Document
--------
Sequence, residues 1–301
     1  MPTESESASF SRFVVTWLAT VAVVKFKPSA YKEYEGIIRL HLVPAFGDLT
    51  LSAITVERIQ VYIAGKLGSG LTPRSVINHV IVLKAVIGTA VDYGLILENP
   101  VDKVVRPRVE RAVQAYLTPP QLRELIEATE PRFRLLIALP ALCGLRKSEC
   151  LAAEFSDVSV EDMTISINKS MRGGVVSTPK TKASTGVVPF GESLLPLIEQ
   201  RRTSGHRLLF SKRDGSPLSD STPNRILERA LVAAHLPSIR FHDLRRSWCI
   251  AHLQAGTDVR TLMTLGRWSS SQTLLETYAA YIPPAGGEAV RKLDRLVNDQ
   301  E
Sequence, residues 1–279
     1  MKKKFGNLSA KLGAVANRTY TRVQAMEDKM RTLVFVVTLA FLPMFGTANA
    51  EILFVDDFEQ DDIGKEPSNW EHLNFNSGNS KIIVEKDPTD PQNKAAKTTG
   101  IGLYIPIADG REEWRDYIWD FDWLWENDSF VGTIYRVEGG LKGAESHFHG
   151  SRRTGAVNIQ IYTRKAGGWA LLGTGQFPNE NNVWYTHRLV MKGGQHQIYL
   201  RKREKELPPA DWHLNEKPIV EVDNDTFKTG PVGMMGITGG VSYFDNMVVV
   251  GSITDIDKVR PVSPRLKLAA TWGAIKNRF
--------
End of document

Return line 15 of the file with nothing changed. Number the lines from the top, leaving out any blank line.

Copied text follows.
   251  GSITDIDKVR PVSPRLKLAA TWGAIKNRF